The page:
How to get into SimRacing!

I’ve gotten several requests to detail my SimRacing setup so I thought I’d create an informative piece on how to get started. Before I begin, I spent a lot of money on this setup. That doesn’t mean you have to match it, this is just what I thought was the best for the money and met my requisites. It is neither the cheapest nor the most expensive setup on the market, but in my opinion it’s the best.

First thing to get started is what system(s) you would like to build this for. If you’d like to play on PS4 or XB1, it’s much cheaper, but you do sacrifice some of the higher end perks such as high frame rate (kind of needed for racing games), VR, and triple monitor support. However, the main drawback to consoles is the game selection. They have Forza, GT, and others, but PC really shines because of mod support. One of my goals is to practice tracks that I will actually race on. Forza is the only console option that has Sebring, VIR, Road Atlanta, and most other US tracks, but the physics in the game are pale compared to others. Right now I am racing with Assetto Corsa, which has all of those tracks available through user created mods. I am mainly practicing Mid-Ohio for NASA this year. Once I get a little more serious I’ll look into iRacing.

Once you decide your system, then decide on a cockpit. For this choice, I’m going to go out on a limb and say there is not a single product better than what I’m going to recommend: GT Omega Cockpit.

The one I bought is here.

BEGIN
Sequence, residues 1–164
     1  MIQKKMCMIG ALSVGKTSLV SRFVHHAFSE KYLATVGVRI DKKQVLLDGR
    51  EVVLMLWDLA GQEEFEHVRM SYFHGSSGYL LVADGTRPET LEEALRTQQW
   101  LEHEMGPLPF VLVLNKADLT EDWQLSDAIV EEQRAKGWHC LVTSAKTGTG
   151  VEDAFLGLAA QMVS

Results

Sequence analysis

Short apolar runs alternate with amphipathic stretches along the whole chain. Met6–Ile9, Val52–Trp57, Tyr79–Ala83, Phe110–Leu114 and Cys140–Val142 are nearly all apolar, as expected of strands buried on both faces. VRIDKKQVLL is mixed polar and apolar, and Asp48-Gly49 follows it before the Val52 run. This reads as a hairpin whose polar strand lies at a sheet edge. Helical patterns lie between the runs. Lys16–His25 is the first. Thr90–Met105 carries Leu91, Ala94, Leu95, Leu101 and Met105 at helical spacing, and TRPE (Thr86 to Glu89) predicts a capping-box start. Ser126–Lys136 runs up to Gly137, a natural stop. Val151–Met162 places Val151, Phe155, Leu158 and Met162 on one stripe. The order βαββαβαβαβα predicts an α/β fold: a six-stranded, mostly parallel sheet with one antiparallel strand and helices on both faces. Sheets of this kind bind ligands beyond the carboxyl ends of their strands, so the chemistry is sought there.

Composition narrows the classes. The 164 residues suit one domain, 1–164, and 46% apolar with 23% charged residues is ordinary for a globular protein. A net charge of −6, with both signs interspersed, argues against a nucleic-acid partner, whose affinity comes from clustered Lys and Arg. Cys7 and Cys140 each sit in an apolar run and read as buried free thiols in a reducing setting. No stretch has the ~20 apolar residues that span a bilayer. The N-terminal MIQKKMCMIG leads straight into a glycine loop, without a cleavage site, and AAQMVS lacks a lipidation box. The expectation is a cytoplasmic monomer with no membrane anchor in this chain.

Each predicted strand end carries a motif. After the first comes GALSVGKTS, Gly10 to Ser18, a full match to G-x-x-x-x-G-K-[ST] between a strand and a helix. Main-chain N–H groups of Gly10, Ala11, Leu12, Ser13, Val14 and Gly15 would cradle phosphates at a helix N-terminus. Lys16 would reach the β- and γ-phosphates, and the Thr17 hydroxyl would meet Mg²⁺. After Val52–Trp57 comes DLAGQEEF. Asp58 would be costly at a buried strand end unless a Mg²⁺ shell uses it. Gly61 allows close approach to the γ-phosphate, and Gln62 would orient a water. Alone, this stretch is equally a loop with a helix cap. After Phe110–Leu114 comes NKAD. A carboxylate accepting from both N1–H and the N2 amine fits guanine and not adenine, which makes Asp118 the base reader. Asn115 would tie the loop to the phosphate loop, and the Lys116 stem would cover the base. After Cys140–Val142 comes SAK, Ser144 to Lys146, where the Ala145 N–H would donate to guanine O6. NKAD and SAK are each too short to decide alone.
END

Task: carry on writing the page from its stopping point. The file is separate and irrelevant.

I got the top of the line Supreme cockpit with the RS9 seat. You can save some cash by going with the RS6 seat and with a single monitor if you’re using it with your TV or VR. I am doubling down this cockpit as my computer desk, so I went 3 monitors. I did some searching online and there is nothing of this quality in the $700 range. This includes tax, shipping, the seat, and everything seen in my pictures. It is predrilled for almost all setups on the market so installation is easy. When I was putting it together I frequently couldn’t figure out how they’re making any money. Everything is steel, powdercoated, and hand welded. It’s expertly designed in ways that allow easy installation and adjustment. They’ve really thought of everything on this one. It has extensions for tall people as well. In the standard configuration I (5’11”) and my girlfriend (5’5”) was able to sit comfortably with the pedals and wheel. I’ll explain some more of the features individually in the pictures.

Overview 1.jpg

Overview of my entire setup. The posts behind the seats are for computer speakers, which I have not gotten yet. The shifter can mount on either RHD or LHD sides. It’s a very modular setup with easy configuration. You can also pass on the monitor stand if you’re putting this in front of a TV.

Desk 1.jpg

The keyboard drawer slides/rotates out of the way when racing, but can be brought back quickly when in PC mode. At the top left of the picture, that is a static shelf for a main speaker.

Desk 2.jpg

Rear view of the monitor stand. Everything looks complicated, but it can be broken down quite easily and without any tools. I wouldn’t be worried about moving this if I were to move again.

Slider 1.jpg

The seat has a slider and recliner just like a regular seat would. Both work very well. The seat is a really nice vinyl. Looking at the back of the seat, a lot is made of hand turn setscrews so it’s really easy to take apart and readjust without tools. Top right corner shows the cupholder, not even my S2000 has that!

All in all I very much recommend this cockpit. I don’t think there is a better one for the money. Please send me the link if you find one.

Now I’ll get started on the electronics. This is where things get a little complicated as there a multiple manufacturers and options. Before I dive in, when you nail down what you plan on buying, look on your local classifieds and see if anyone is selling. These things are like treadmills where half of the people buy and never use it. It’s an easy way to save some money.